Expert Discusses Dramatic Larotrectinib Data in Pediatric Cancer


Ramamoorthy Nagasubramanian, MD, discusses the results of the phase I/II study of larotrectinib in pediatric patients.

Ramamoorthy Nagasubramanian, MD

Ramamoorthy Nagasubramanian, MD, associate professor of oncology and urology at Johns Hopkins Medicine

Ramamoorthy Nagasubramanian, MD

Recent results published in The Lancet Oncology showed that larotrectinib induced an objective response rate (ORR) of 93% in pediatric patients with TRK fusion-positive solid tumors. These results have set a new precedent for the simultaneous development of agents in pediatric and adult patients, said Ramamoorthy Nagasubramanian, MD, one of the investigators on the study.

“From my personal experience, I can tell that this is going to be the favored treatment upfront for these patients who have unresectable disease or primary refractory disease,” said Nagasubramanian.

This multicenter, open-label study enrolled 24 patients aged 1 month to 21 years who had been diagnosed with locally advanced or metastatic solid tumors or central nervous system tumors that had relapsed, progressed, or were nonresponsive to available therapies.

A rolling submission of a new drug application to the FDA was completed in March 2018 for larotrectinib for the treatment of adult and pediatric patients with locally advanced or metastatic solid tumors harboring an NTRK gene fusion.

OncLive: Can you provide some background information on the trial?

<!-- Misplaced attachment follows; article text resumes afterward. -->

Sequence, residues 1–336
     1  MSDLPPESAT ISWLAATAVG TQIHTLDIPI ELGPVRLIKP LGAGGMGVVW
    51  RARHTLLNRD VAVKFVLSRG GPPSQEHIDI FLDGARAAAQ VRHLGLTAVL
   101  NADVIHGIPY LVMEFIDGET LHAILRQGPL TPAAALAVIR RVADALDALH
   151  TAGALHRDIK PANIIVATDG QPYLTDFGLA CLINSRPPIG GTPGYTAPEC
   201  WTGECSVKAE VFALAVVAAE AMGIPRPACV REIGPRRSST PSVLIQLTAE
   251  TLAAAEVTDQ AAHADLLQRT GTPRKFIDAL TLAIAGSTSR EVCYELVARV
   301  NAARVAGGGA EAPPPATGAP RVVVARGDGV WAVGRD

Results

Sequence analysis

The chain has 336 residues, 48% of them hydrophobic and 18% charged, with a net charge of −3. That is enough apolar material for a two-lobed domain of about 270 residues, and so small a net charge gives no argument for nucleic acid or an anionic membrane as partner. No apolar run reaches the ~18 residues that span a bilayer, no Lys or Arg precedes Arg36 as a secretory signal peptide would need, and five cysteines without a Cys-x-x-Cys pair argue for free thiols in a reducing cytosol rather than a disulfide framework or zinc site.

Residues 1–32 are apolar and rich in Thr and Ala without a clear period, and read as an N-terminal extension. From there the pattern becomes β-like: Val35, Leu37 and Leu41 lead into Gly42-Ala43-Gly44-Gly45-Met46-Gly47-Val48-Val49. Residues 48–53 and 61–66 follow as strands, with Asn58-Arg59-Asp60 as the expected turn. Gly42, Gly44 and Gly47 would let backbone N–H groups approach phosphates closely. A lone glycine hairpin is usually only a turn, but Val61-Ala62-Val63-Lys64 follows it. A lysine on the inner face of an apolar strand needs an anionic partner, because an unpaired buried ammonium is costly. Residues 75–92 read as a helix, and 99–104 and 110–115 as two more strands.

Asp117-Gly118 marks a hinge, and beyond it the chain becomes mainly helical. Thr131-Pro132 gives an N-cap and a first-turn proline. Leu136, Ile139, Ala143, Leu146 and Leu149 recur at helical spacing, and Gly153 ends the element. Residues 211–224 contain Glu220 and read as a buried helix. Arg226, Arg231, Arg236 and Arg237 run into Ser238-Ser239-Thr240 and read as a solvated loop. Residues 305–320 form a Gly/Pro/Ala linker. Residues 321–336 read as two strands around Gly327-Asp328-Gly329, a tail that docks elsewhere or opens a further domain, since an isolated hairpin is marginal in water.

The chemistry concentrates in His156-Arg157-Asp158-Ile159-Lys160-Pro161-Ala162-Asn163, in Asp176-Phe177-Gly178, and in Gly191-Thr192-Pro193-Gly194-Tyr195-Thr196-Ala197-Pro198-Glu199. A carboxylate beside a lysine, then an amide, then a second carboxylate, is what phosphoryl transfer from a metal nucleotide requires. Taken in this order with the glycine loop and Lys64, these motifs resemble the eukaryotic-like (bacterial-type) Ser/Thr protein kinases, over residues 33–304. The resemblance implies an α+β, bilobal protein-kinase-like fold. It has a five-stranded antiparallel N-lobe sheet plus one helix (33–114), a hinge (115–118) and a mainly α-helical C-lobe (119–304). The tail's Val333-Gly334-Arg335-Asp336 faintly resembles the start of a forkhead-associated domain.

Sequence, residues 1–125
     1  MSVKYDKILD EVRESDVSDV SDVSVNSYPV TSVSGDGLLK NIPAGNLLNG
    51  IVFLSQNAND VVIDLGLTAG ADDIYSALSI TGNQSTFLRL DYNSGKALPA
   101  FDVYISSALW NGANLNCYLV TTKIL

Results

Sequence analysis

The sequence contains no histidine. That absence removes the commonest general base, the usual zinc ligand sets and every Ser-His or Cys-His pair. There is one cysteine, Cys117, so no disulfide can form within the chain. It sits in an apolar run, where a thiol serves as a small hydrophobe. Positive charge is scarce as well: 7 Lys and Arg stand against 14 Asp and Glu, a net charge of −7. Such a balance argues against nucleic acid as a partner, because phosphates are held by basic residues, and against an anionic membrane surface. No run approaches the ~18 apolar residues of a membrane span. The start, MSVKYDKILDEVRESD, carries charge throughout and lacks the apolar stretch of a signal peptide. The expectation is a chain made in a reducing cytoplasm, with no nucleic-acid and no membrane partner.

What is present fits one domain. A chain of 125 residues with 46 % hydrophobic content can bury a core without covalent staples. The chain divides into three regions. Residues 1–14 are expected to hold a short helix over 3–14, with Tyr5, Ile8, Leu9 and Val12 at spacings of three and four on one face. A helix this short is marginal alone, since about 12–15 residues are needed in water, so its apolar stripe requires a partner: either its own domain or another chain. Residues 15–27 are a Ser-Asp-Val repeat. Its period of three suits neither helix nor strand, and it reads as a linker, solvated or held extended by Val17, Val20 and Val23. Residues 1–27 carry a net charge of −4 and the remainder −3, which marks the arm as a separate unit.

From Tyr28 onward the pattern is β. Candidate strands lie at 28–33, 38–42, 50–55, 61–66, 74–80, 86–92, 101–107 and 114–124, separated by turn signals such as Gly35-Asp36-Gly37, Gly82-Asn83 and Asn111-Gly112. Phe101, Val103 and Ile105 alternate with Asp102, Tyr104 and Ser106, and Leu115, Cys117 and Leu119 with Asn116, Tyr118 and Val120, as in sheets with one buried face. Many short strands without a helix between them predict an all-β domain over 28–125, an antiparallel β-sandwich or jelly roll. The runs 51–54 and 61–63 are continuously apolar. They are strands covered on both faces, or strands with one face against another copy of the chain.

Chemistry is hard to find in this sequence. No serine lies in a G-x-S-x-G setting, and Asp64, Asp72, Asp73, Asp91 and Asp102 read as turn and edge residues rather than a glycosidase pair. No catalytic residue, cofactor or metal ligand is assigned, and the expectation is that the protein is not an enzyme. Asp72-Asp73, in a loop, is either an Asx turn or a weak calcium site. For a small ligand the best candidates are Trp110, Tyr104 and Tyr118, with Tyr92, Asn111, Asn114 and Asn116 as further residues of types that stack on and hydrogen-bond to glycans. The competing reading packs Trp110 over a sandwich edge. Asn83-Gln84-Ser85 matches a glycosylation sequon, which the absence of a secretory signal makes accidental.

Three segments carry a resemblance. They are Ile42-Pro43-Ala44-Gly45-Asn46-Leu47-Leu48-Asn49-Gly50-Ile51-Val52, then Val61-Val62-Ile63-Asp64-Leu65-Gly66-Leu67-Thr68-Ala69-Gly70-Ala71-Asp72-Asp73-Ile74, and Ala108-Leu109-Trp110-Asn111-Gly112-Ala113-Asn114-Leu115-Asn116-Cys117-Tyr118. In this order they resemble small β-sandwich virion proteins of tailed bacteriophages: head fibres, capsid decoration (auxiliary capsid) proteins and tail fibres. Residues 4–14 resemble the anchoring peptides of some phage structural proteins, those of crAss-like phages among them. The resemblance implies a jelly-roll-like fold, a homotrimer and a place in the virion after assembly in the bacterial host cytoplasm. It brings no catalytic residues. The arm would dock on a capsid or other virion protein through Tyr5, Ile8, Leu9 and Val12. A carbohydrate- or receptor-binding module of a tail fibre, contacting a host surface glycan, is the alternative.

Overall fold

In an interview with OncLive, Nagasubramanian, chief, Division of Hematology/Oncology, Department of Pediatrics, Nemours Children’s Health System, discussed the results of this phase I/II study of larotrectinib in pediatric patients.Nagasubramanian: Initially, when this trial opened, it was open to children with solid tumors who were advanced and either refractory, or not responding to primary frontline treatments. Since we knew that this drug was an agent targeted toward TRK fusions, we knew that we would find some pediatric tumors that carry these fusions and may respond well. We did not know the actual incidence of TRK fusions in pediatric cancers, so the study initially started enrolling all patients with solid tumors. We knew that there were some rare pediatric tumors that harbored TRK fusions, so we hoped to see those patients included on the trial, which was the case.

What was the design of the study?

Having tested the initial group of pediatric patients, out of the 24 patients, 17 had TRK fusion—containing tumor types, whereas the other 7 did not have TRK fusions. We found that there were no responses in patients whose tumors did not carry this fusion, which makes sense because it was a targeted therapy. However, in patients who harbored NTRK fusions of any combination, there was a very higher response rate. In this analysis, there was a 93% response rate in those patients.It was a phase I/II study. The phase I [portion] was meant to look at the safety in children. There was a trial in adults of the same drug and similar plan, and because there was knowledge about needs for pediatric drugs in rare cancer, this trial was conducted. The phase I study was a dose-finding study as well, and there were no major safety issues. The dose-finding phase was done with 2 cohorts of patients, and we came up with the recommended phase II dose, which is what was used in the rest of the patients in the study. We found a tolerated dose, and did not see any high rates of toxicities, which is unlike what we normally see.